If your snack attacks have you craving something crunchy, do your arteries a favor and munch on pumpkin seeds.
Or sunflower seeds. Or sesame seeds. Or nuts for that matter. According to Dr. Janice Stanger, author of The Perfect Formula Diet, seeds and nuts rule when it comes to quelling artery-damaging, disease-triggering inflammation.
A slew of medical studies supports the claim and shows how crunchy nuts and seeds lower levels of two inflammatory markers -- C-reactive protein and interleukin-6. Having low inflammatory markers is super desirable if you want to sidestep heart disease and diabetes. Research also shows that seeds and nuts can increase blood levels of adiponectin -- a hormone that helps keep blood vessel inflammation in check. (Find out why sunflower seeds are so great for your brain.)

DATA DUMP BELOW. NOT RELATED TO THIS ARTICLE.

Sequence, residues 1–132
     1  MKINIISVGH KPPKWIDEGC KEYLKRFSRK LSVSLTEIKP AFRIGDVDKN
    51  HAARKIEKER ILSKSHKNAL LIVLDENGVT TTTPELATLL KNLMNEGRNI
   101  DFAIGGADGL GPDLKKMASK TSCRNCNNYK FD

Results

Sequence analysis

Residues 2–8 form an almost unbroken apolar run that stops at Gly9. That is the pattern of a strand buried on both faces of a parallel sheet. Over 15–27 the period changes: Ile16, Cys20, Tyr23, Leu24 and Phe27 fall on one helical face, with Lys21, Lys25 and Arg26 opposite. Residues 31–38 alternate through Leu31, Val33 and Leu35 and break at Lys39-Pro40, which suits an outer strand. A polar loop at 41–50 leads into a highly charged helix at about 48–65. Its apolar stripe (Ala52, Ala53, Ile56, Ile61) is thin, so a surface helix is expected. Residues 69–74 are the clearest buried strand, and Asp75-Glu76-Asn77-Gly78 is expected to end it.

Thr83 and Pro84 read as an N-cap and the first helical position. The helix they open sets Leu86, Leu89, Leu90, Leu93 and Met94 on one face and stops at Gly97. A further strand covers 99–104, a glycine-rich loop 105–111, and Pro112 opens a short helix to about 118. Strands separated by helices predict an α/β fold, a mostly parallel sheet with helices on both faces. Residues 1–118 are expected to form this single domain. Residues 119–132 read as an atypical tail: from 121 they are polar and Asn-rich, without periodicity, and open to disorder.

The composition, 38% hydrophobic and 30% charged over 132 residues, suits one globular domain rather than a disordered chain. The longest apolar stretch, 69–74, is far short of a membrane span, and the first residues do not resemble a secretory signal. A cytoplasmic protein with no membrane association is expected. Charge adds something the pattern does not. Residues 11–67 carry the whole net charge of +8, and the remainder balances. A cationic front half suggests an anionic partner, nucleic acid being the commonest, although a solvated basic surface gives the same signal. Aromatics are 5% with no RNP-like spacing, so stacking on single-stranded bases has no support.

Whole and Healthy
What sets seeds and nuts apart from other snack foods? For starters, they are a whole food -- which means much of the nutritional value remains intact. And seeds and nuts have plenty to offer in that department. We're talking vitamin E, fiber, protein, healthful fats -- the whole shebang. And vitamin E may be particularly important when it comes to thwarting inflammatory damage to blood vessels. (Did you know? Sesame seeds have special powers. Find out what they do to cholesterol.)
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